Are you ready to take the plunge into mixed games but don’t want to take the time to learn each game separately? You’re not alone. Many players jump in feet first into the mixed games pool and take a “trial by fire approach.”
For those considering the same path, we present seven tips to get you started in mixed games. Note that these tips are for those wanting to jump into mixed games rather than taking the time to learn each game individually.
These tips aren’t going to make you a mixed game expert but it will help you be a bit more competitive until you take the time to properly improve your skills.
Razz – Fast Play Your Boards When Ahead
Razz is Stud played for low only. Starting on Fourth Street, you will have a good idea of where your opponent is heading with a hand. When you’re showing strength on Fourth and beyond, a bet is needed.
For example, you completed with a 2 showing and your opponent called with a four. You caught a five and they caught a king. Right now, they are drawing to a king and won’t get better than that until at least Sixth Street.
Betting now will often result in a fold from your opponent. If they call in this spot, chance are they started with three wheel cards and hope to catch lucky on Fifth.
2-7 Lowball – Draw No More Than Two Cards Whenever Possible
In 2-7 Lowball, you’re drawing to the best five-card non-straight or flush hand possible. Often you will play the Triple Draw version in mixed games. Many players will draw too loosely and set themselves up for ruin.
When paying Lowball, you’ll be best suited to stick with hands that require you draw just two cards or less. While you may be tempted to hold 7-2 and draw three, you’re odds increase dramatically when you show discipline and play hands requiring just two cards or less to make your hand.
Stud 8 or Better – Don’t Draw One-Way Heads-Up
A one-way hand in Stud 8 or Better is any that has no legitimate chance of scooping. The most common example is a weak low draw like 8-4-2 rainbow. While you may speculate with one-way hands in multi-way pots, many pots in Stud 8 will be heads-up.
When playing heads-up with a non-scooping hand, you’re essentially playing to get your money back or maybe just split the antes. The antes are not worth risking 3 big bets or more.
Often you won’t know until at least Fourth Street that you’re drawing one-way. If action starts getting heavy heads-up in such a situation, in many cases you will want to fold and try again another hand.
Seven Card Stud – Pay Close Attention to Paired Door Cards
The first up card in regular Stud is referred to as the door card. In many cases, you’re opponent is starting with a pair and often the door card indicates that pair. When your opponent pairs that door card, you should lean towards folding unless you happen to have a monster hand.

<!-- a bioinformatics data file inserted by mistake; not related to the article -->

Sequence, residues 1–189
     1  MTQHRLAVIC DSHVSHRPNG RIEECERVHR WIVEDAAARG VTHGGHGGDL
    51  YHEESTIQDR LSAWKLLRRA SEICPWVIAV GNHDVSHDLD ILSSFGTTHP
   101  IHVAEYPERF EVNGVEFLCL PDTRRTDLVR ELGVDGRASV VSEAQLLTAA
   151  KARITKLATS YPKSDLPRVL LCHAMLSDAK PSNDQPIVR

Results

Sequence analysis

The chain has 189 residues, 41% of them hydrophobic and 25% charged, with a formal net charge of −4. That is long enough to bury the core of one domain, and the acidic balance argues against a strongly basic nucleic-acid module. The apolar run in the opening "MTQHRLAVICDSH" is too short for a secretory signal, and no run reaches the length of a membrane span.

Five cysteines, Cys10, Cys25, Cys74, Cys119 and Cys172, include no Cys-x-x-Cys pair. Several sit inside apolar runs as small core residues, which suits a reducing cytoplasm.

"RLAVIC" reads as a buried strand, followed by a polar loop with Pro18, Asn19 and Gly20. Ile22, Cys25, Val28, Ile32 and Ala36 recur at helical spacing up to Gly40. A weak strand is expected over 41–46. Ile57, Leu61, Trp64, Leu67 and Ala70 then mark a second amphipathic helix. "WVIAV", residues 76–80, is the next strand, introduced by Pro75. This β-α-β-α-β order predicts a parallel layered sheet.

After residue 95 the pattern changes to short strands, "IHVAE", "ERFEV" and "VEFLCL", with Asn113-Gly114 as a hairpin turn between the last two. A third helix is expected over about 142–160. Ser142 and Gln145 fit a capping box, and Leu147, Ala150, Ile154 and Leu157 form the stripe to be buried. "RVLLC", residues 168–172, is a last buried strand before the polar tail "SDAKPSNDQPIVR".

Even if your opponent didn’t just hit trips, they likely still have two pair. Unless you know you have a better hand at this point (such as them showing an open pair of jacks and you have buried aces and caught a third ace on fourth), it is time to fold.
Omaha Hi-Lo – Be Careful With Non-Nut Hands in Multi-Way Pots
When you’re playing in multi-way pots in Omaha Hi-Lo, you need to be very careful with non-nut hands, especially low hands. A second nut low in a multi-way pot is often a loser as someone is likely to have the nuts.
With so many possible starting hand combinations, you should be playing the nuts whenever possible in this game. In multi-way pots, this isn’t just a suggestion but as close to a requirement as you will get in poker.
Limit Hold’em – Don’t Go Crazy With Big Pairs on Drawy Boards
Limit Hold’em allows for players to speculate with drawing hands due to the limit betting structure. As such, you can’t let yourself go crazy with big pairs when a board produces a straight or a flush draw.
Often, a player will get a big hand like pocket kings and fail to slow down when a draw produces on the board. In Limit Hold’em, the chances of your big pair getting outdrawn increases over NL and if you start receiving resistance with your big pair, slow down.
PL Omaha – Consider All Redraws
PL Omaha is a game of big cards and big draws and many beginners fail to consider the big draw aspect. For example, let’s say the board falls 10h-7h-6s and you have Ks-Kd-9s-8d.
In this example, you have flopped the nut straight but your hand is extremely vulnerable. Beginners often will overplay this hand and ignore that the board pairing or producing another heard will kill their hand. Also, any eight or nine will produce a higher straight.
If you have a player that starts going crazy with their betting in such a scenario, chances are they have a nut redraw or even multiple redraw chances. There are some scenarios where you can flop the nuts and still be an underdog to win the hand due to redraws.
Also, don’t forget your own redraws. If the same scenario presented but your hand was Ah-Ad-9h-8d, you would have the nut straight and a redraw to the nut flush. Your odds of winning this hand are dramatically greater in the second scenario because of your nut redraw.